Max Fisher

Published March 11, 2005, issue of March 11, 2005.
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It’s commonplace to greet a hero’s passing with extravagant claims that the mold has been broken, that his like will not be seen again. In the case of Max Fisher, the Detroit philanthropist who died March 3 at age 96, every word of that would be true.

Fisher towered genially over American Jewish communal life for nearly four decades, acknowledged universally — at least among insiders and machers — as the community’s “dean.” He sat on the boards of just about every significant communal agency, from the American Jewish Committee to the United Jewish Appeal, and headed the most important ones at least once. He led the deliberations over the 1971 reconstitution of the Jewish Agency for Israel, converting the world’s largest Jewish institution from an arm of the World Zionist Organization into an instrument of the Diaspora philanthropies that pay its bills.

At the same time, his role as a top Republican fund-raiser and presidential adviser gave him a unique status in the increasingly interlocking worlds of Jewish communal affairs and global policy. His was an era when Republicans dominated presidential politics — five of the last seven presidents have been Republicans — and when Jewish concerns, from Israeli security to Soviet tyranny, were the stuff of international drama. Fisher was the bridge between those worlds. He could walk into the Oval Office almost at will and present the concerns of his community to the most powerful man in the world. With equal ease he could present the concerns of the White House to a Jewish community known for its combative liberalism. His interventions repeatedly made the difference between life and death: during the desperate hours of the 1973 Yom Kippur War, during the Ethiopian Jewish rescue operations of 1984 and 1991, and at other times less storied but no less fateful.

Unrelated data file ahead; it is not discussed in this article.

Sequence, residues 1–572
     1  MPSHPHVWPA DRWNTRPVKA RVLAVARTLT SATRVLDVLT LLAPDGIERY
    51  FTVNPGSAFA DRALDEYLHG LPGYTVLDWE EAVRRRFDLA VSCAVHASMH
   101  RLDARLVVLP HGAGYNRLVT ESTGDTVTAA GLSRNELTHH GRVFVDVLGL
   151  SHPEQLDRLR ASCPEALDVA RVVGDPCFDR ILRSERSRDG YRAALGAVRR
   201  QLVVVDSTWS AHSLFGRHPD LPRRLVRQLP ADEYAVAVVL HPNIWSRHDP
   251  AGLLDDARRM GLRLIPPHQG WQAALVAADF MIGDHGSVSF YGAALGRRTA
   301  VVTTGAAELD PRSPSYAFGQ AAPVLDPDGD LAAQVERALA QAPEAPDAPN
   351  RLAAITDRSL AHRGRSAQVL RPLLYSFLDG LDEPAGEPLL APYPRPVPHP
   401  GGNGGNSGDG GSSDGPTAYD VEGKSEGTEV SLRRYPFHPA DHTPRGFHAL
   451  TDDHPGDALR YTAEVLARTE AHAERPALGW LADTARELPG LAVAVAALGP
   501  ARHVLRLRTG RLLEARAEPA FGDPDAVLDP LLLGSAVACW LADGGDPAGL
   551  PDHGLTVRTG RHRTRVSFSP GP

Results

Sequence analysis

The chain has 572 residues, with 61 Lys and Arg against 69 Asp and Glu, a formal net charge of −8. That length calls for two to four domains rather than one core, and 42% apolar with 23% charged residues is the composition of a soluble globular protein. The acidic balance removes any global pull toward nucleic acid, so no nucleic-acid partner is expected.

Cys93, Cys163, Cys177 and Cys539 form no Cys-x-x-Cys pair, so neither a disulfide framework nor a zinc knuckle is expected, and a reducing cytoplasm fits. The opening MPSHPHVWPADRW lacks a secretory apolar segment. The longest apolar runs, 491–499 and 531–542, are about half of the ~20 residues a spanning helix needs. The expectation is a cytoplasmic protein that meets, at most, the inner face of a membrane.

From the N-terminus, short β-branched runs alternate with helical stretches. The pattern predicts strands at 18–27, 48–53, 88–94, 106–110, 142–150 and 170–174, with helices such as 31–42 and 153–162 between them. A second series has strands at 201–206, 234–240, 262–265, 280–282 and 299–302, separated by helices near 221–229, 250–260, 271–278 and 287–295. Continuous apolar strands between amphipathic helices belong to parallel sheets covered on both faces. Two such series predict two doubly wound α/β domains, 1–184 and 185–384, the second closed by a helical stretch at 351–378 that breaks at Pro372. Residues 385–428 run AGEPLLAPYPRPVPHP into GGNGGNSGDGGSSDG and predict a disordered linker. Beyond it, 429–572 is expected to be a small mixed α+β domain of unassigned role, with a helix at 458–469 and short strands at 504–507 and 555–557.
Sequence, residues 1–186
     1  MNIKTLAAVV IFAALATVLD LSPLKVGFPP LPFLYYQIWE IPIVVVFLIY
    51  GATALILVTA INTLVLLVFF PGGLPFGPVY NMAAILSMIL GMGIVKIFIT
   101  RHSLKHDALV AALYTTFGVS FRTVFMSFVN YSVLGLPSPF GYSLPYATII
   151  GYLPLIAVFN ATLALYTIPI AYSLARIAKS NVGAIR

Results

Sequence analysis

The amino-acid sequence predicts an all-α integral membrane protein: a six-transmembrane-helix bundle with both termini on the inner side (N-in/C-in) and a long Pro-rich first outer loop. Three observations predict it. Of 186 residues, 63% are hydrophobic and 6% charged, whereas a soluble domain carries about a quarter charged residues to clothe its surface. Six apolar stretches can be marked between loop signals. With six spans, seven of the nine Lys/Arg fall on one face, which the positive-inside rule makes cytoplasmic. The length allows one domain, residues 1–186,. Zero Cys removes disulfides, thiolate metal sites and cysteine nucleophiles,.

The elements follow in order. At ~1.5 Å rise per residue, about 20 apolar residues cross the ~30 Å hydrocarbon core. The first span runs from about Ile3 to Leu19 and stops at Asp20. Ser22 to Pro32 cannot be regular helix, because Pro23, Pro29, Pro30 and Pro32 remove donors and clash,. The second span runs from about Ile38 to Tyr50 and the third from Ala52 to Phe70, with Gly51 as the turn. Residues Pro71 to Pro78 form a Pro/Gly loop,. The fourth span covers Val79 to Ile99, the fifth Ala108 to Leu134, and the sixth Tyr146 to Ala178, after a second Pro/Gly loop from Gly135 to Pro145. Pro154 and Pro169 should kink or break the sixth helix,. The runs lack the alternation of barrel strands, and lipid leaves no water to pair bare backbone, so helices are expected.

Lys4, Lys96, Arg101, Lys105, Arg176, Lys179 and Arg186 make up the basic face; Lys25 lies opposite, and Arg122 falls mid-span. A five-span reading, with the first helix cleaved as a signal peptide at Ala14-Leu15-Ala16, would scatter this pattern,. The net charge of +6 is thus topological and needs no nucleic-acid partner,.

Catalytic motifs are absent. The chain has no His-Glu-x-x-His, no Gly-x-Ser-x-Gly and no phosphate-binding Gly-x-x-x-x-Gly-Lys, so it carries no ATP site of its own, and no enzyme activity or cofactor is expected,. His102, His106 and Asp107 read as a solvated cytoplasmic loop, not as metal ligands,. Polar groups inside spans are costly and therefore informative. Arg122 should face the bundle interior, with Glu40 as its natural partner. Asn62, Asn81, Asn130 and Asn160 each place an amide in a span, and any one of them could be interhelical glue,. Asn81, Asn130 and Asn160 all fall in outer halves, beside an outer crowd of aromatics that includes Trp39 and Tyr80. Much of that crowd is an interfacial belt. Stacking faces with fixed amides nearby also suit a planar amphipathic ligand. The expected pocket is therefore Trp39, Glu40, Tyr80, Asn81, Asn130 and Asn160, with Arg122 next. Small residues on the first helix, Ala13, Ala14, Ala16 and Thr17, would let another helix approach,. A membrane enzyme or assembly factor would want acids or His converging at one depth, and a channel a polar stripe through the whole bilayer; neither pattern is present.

He was effective because all sides trusted him to tell the unvarnished truth. He was equally blunt with American presidents, Israeli prime ministers and Soviet dictators. Above all, he was a unifying figure within the organized Jewish community. Despite his unabashed political loyalties he never used his leadership positions to press his partisan views or to skew debate. That, more than any other, is a mold that’s been broken.

Late in the Reagan-Bush era, arguably the height of his influence, Fisher was approached by a journalist and asked how it felt to him, as a Republican, to be the leader and spokesman of one of America’s most liberal political constituencies. The exchange came shortly after he had chaired, for the umpteenth time, a business meeting of the Council of Jewish Federations, the organization with which he was most closely identified. He had overseen the adoption of a raft of policy statements, from national health insurance to immigrant rights, that could have come from a socialist rally. How, he was asked, did that square with his own beliefs?

Fisher shrugged, grinned and replied: “What can I say? Those are my people.”

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